During the summer months Covington residents, who use large quantities of electricity, consequently pay one of the highest electric rates in the state.
Whether there is anything to be done about it has become a major campaign point for Covington mayoral candidate Kim Carter.
According to a survey of all electric providers in Georgia by the Georgia Public Service Commission, during the 2006 summer months out of 94 electrical providers, the city of Covington had the third most expensive electricity rate in the state for residents consuming 2,000 kilowatts hours in a month.
The Georgia Public Service Commission works to ensure that consumers receive reliable and reasonably priced services.
The commission runs the electricity rate study twice a year. The rates for January and June are used in the study. The electric providers are ranked by their rates for 500, 1,000, 1,500 and 2,000 kWh. The rankings were done from the least expensive to the most expensive.
In June 2006, Covington was ranked 42 out of 85 for its pricing of 500 kWh. The city was ranked 71 out of 91 in the 1,000 kWh category, 83 out of 90 in the 1,500 kWh category and 92 out of 94 in the 2,000 kWh category.
Utility rates in June were $51 for 500 kWh, $104 for 1,000 kWh, $162 for 1,500 kWh and $220 for 2,000 kWh
In January 2007 Covington was ranked 27 out of 87 in the 500 kWh category, 48 out of 94 in the 1,000 kWh category, 40 out of 92 in the 1,500 kWh category and 40 out of 91 in the 2,000 kWh.
Utility rates in Covington in January were $46 for 500 kWh, $90 for 1,000 kWh, $123 for 1,500 kWh and $157 for 2,000 kWh.
It should be noted the city of Mansfield had the most expensive electricity rates across the board in the state in January. Mansfield's rates were similarly high-ranking in June.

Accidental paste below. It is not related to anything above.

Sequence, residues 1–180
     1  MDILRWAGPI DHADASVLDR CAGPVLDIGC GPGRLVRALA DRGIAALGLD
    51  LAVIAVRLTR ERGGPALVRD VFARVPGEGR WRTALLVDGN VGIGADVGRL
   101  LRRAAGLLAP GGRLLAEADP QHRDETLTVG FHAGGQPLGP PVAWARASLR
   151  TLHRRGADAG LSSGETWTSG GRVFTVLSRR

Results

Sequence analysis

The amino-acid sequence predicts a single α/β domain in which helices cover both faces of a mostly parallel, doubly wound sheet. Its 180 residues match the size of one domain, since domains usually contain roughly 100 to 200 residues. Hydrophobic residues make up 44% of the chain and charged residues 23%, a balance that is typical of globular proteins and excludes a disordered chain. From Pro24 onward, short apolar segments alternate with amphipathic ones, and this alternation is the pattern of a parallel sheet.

To view the results of the study visit: www.psc.state.ga.us/electric/surveys/residentialrs.asp.
Several factors make it difficult to determine the average kWh consumption of a Covington household due to varying consumption patterns and varying house square footage. However at the request of The News, Bill Meecham, utility director for the city of Covington said that an average usage of 600 kWh in the winter months and 1,400 kWh in the summer months would be a good estimation.
Based on those figures, Meecham estimated that during the winter months of October through May, customers could expect to pay around $56 a month and $129 a month during the summer months of June through September
Meecham added that an electric heat customer would use more electricity and have a higher bill in the winter but would not have a gas bill.
The Covington City Council has not raised its electricity rates since 2001, said Meecham, but the purchased commodity adjustment on top of the rate has risen due to the city's need to buy additional power from the market especially in the summer months when demand is at its highest.
According to a recent memo from Meecham to City Manager Steve Horton, Covington is presently short on both capacity and energy resources. The city is currently purchasing reserve capacity from the city of LaGrange and is purchasing about 30 percent of its energy requirements from outside sources at market energy prices.
The memo states that as the market cost of energy can be volatile and unstable, the large amount of energy currently being purchased by Covington is a cost risk to the city and its customers.
Covington, Mansfield and Oxford are all members of the Municipal Electric Authority. MEAG is a public corporation which provides power to 49 Georgia communities who in turn provide power to approximately 600,000 residents. Member communities can set their own rates.